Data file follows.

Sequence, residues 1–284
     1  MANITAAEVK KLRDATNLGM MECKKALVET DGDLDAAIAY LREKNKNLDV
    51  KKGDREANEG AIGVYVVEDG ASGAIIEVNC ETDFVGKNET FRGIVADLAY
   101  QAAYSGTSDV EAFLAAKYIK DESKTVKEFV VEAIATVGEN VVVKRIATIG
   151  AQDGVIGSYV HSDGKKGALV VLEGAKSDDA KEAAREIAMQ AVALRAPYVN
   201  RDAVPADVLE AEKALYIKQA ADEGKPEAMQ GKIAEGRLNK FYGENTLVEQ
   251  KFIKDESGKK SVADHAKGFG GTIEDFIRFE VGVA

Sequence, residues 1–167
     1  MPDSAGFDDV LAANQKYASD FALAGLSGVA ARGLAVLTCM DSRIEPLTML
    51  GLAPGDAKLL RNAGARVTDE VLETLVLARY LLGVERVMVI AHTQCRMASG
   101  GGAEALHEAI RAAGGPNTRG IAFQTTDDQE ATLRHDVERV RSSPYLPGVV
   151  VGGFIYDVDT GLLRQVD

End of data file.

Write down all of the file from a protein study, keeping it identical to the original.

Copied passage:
Sequence, residues 1–284
     1  MANITAAEVK KLRDATNLGM MECKKALVET DGDLDAAIAY LREKNKNLDV
    51  KKGDREANEG AIGVYVVEDG ASGAIIEVNC ETDFVGKNET FRGIVADLAY
   101  QAAYSGTSDV EAFLAAKYIK DESKTVKEFV VEAIATVGEN VVVKRIATIG
   151  AQDGVIGSYV HSDGKKGALV VLEGAKSDDA KEAAREIAMQ AVALRAPYVN
   201  RDAVPADVLE AEKALYIKQA ADEGKPEAMQ GKIAEGRLNK FYGENTLVEQ
   251  KFIKDESGKK SVADHAKGFG GTIEDFIRFE VGVA

Sequence, residues 1–167
     1  MPDSAGFDDV LAANQKYASD FALAGLSGVA ARGLAVLTCM DSRIEPLTML
    51  GLAPGDAKLL RNAGARVTDE VLETLVLARY LLGVERVMVI AHTQCRMASG
   101  GGAEALHEAI RAAGGPNTRG IAFQTTDDQE ATLRHDVERV RSSPYLPGVV
   151  VGGFIYDVDT GLLRQVD